State to pay Catholic Church rent for school buildings while ignoring rights of parents?

An article in the Irish Times says the Department of Education intends to pay rent to the Catholic Church if it divests to Community National Schools.

This means that the Department of Education will be funding the Community National Schools, and paying rent on top of that to the Catholic Church, while the constitutional conditions for that funding over the years were never met.

Under the Constitution (Article 42.4), the State is not obliged to fund Catholic schools, but it has chosen to do so. There is an obligation on the State to endeavour, and only that, to supplement and give reasonable aid to private schools.

In addition this State funding has other constitutional conditions. The recent Burke case has shown that there is an obligation on the Department of Education to administer these constitutional rights, and it cannot absolve itself of that responsibility.

These conditions have not been given any practical application on the ground in schools, because the Department leaves it up to each school to implement these conditions of funding, notwithstanding the fact that the Constitution says that it is the State that is responsible.

The Supreme Court in the recent Burke case reiterated that the obligation on the state is to endeavour to fund private schools and only that. The Court stated that:

“Article 42.4, in requiring the State to provide for “free primary education”, also places an endeavour, but only that, before the State “to supplement and give reasonable aid to private and corporate educational initiative” and “when the public good requires it” towards “other educational facilities or institutions”.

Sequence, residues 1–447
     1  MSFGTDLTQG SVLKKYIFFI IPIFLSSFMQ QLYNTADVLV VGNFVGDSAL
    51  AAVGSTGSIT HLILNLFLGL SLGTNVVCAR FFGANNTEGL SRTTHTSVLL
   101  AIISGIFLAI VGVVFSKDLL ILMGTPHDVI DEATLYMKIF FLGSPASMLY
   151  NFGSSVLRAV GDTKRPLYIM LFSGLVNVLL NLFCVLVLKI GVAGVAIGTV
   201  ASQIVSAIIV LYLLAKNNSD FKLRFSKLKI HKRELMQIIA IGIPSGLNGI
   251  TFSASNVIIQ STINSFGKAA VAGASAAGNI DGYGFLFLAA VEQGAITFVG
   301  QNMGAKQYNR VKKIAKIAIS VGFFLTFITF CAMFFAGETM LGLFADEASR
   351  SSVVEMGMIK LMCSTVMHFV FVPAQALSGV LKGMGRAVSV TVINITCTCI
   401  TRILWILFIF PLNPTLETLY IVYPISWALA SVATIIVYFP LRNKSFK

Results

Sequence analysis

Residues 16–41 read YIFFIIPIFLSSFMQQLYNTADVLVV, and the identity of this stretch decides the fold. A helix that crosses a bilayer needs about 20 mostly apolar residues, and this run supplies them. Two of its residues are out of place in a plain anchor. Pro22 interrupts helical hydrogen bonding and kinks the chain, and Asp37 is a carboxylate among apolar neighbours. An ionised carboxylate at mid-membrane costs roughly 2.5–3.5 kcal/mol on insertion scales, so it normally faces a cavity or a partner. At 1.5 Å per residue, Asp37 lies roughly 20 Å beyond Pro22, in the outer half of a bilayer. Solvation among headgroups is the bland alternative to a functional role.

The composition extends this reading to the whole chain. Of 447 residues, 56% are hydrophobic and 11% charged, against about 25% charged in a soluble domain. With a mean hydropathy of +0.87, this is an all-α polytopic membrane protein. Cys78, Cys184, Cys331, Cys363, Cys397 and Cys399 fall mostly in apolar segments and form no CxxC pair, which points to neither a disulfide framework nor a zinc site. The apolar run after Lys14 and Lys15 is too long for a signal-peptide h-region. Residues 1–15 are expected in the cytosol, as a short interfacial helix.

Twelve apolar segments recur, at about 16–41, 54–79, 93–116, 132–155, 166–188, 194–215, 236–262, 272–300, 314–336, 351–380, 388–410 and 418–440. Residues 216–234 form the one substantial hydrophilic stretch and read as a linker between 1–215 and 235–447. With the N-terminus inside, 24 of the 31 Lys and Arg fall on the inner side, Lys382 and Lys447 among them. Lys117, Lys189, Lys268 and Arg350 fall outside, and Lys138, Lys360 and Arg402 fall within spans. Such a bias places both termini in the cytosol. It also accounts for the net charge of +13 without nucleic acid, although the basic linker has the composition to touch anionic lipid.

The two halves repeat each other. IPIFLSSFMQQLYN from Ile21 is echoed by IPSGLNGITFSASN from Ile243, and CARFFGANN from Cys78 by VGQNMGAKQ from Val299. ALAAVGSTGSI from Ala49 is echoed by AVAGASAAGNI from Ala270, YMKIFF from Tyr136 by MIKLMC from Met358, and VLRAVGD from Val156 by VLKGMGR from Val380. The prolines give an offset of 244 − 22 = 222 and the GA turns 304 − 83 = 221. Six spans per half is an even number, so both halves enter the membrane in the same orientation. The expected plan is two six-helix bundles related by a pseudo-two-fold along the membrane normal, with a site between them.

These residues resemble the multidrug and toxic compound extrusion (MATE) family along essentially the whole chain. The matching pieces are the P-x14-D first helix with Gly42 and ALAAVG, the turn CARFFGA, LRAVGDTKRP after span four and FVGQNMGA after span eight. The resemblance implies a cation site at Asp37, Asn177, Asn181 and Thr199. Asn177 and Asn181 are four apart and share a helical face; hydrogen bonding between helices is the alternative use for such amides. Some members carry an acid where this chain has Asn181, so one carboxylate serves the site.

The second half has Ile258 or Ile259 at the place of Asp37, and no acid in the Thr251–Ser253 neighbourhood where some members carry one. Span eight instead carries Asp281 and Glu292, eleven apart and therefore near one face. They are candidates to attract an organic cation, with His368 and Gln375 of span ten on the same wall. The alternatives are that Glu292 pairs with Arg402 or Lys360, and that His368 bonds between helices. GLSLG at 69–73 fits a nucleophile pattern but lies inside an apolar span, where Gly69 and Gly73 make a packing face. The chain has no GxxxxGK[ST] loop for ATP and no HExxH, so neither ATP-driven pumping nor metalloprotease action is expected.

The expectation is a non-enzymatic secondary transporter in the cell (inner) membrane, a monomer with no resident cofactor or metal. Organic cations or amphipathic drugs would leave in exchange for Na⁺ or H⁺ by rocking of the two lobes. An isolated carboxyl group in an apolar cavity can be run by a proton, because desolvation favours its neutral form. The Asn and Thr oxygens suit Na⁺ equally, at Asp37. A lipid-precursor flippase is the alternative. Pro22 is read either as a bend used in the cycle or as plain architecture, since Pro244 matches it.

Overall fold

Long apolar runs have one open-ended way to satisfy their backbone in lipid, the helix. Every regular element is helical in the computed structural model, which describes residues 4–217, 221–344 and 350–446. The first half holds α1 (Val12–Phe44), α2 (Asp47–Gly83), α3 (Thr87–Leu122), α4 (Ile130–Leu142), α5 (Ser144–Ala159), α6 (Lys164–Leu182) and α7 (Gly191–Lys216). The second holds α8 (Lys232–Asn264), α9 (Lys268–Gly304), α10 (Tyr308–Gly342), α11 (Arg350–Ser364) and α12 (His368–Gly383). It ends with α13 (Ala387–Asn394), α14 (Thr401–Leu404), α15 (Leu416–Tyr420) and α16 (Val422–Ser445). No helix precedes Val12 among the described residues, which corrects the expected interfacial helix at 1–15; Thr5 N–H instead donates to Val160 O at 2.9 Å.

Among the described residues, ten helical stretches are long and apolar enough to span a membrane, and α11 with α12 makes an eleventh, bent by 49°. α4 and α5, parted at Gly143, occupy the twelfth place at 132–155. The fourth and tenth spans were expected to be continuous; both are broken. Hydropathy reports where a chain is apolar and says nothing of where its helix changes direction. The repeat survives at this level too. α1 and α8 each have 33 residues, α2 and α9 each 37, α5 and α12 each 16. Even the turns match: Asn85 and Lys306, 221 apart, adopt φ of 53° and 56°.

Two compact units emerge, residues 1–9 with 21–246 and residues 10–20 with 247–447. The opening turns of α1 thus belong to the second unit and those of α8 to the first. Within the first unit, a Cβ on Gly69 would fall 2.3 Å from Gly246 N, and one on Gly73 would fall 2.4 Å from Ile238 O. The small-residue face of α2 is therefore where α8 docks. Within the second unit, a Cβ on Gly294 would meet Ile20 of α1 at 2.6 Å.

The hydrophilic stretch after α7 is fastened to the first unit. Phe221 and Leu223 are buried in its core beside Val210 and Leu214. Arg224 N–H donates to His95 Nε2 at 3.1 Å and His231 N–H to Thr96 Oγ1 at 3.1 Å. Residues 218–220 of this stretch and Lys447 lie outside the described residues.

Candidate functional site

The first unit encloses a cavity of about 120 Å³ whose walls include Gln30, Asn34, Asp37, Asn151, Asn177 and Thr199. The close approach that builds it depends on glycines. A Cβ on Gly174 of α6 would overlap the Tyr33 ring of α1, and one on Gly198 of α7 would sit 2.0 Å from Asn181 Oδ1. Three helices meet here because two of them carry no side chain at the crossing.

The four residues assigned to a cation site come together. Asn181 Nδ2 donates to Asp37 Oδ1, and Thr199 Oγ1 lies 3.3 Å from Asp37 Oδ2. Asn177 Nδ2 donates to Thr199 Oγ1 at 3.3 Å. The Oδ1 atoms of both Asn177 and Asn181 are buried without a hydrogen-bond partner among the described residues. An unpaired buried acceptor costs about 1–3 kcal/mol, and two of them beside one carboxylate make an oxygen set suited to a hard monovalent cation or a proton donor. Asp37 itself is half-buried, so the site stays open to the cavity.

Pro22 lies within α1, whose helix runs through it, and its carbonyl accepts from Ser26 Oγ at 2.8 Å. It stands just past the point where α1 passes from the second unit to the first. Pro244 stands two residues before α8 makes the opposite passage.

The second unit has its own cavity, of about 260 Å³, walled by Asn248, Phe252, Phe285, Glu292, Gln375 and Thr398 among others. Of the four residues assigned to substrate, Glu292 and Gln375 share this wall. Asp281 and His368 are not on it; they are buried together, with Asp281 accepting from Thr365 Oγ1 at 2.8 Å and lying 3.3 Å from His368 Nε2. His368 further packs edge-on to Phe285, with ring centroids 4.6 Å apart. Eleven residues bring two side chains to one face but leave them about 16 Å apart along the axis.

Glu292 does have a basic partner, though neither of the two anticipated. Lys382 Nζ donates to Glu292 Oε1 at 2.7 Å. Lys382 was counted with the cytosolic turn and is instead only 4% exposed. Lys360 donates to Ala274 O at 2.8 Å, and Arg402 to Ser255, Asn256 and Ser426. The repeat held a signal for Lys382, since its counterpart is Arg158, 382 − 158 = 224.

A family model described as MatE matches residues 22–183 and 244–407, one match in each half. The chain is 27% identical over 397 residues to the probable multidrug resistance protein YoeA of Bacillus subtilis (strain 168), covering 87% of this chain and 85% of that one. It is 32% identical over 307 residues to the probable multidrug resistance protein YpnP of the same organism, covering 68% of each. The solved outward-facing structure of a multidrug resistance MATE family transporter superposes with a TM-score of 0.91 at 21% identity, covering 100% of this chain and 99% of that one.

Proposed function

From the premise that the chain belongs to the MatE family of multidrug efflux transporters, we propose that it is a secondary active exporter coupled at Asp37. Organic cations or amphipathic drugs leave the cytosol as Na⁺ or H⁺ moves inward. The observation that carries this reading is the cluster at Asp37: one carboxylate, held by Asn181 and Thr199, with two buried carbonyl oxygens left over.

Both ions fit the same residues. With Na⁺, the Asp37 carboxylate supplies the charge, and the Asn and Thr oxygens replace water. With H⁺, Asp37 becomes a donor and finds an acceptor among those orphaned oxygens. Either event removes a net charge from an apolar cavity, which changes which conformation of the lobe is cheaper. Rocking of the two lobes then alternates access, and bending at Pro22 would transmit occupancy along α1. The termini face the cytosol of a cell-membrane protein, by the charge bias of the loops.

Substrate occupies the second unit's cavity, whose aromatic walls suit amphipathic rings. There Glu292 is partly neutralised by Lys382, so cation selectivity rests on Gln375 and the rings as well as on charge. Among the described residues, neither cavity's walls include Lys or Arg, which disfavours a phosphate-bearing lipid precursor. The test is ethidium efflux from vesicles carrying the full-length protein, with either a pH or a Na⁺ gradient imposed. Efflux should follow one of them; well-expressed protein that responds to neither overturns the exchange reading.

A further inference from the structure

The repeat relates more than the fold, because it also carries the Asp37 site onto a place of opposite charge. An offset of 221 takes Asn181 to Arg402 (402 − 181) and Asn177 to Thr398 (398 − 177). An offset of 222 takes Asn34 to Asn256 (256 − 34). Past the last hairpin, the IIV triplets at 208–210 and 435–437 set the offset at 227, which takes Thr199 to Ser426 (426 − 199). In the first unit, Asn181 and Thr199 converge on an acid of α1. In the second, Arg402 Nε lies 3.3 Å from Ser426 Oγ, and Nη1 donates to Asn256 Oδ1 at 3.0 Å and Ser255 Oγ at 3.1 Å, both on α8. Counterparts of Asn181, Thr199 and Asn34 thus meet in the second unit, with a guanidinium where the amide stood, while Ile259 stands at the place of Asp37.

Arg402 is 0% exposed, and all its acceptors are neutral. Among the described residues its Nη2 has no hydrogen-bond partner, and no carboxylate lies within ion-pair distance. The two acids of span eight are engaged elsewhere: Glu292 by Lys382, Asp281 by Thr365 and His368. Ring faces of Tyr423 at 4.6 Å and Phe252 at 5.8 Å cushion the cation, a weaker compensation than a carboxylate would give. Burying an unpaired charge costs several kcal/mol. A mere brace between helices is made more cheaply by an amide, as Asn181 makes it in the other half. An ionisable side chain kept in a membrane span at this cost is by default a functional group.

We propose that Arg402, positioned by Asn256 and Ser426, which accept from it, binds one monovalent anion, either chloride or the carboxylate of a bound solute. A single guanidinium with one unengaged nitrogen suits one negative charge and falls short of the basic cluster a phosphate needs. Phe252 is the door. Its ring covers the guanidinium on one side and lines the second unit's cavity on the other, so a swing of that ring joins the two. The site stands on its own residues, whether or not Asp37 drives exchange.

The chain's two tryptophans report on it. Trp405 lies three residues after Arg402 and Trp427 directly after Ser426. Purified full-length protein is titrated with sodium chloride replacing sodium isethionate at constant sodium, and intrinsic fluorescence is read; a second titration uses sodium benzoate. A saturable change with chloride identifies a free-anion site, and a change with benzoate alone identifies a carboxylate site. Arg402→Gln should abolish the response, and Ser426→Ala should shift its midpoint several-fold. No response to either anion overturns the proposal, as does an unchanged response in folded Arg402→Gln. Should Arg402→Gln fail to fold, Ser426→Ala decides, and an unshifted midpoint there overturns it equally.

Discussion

An overall saver in the constitutional text is that the State, in providing for free primary education and in endeavouring to assist post-primary education in various forms, have “due regard … for the rights of parents, especially in the matter of religious and moral formation.”

This provision reflects a concern for upholding parental authority; a foundational pillar of the Constitution that accords with Article 41 recognising the family as “the natural primary and fundamental unit group of” Irish society. Hence, society is built around the family.”

The constitutional conditions for funding private catholic schools are that parents’ rights in relation to the religious and moral education and formation of their children must be respected (Article 42) and that students have a right to not attend religious instruction in these schools (Article 44.2.4).

The Supreme Court has already said that Article 42.1 and Article 42.2 must be read in the context of Article 44.2.4 (Campaign to Separate Church and State v Minister for Education 1998).

The Supreme Court has also said that the provision of Article 42.4 in the matter of the religious and moral formation of children upholds parental authority, a foundational pillar of the Constitution that accords with Article 41 (the rights of the family).

The Burke case at the Supreme Court changes everything. The Department of Education can no longer absolve itself of any responsibility in relation to Article 42, Article 41 and Article 44.2.4. These are Constitutional rights that they are obliged to administer because they are a condition of state funding of schools.

As an overview of all this:

  • The State is only obliged to endeavour to fund Catholic schools.
  • If they decide to fund Catholic schools, there are constitutional conditions to that funding.
  • The Department of Education has left it up to each school to decide how to implement the constitutional conditions for their funding notwithstanding the fact the Constitution states that this is the responsibility of the State.
  • The Department of education are now going to pay the Catholic Church rent for a school that they decided to fund for years and where the constitutional conditions for that funding were not met.
  • Minorities in these publicly funded Catholic schools are left with a choice of a Catholic education or no education at all, and their constitutional rights in these publicly funded schools are ignored.

So after years of public funding, and ignoring the conditions to that funding, the Catholic Church will only divest to Community National Schools, they will charge them rent, and the Department of Education have agreed to this.

This is what an abdication of legal duties looks like and it is an absolute disgrace.


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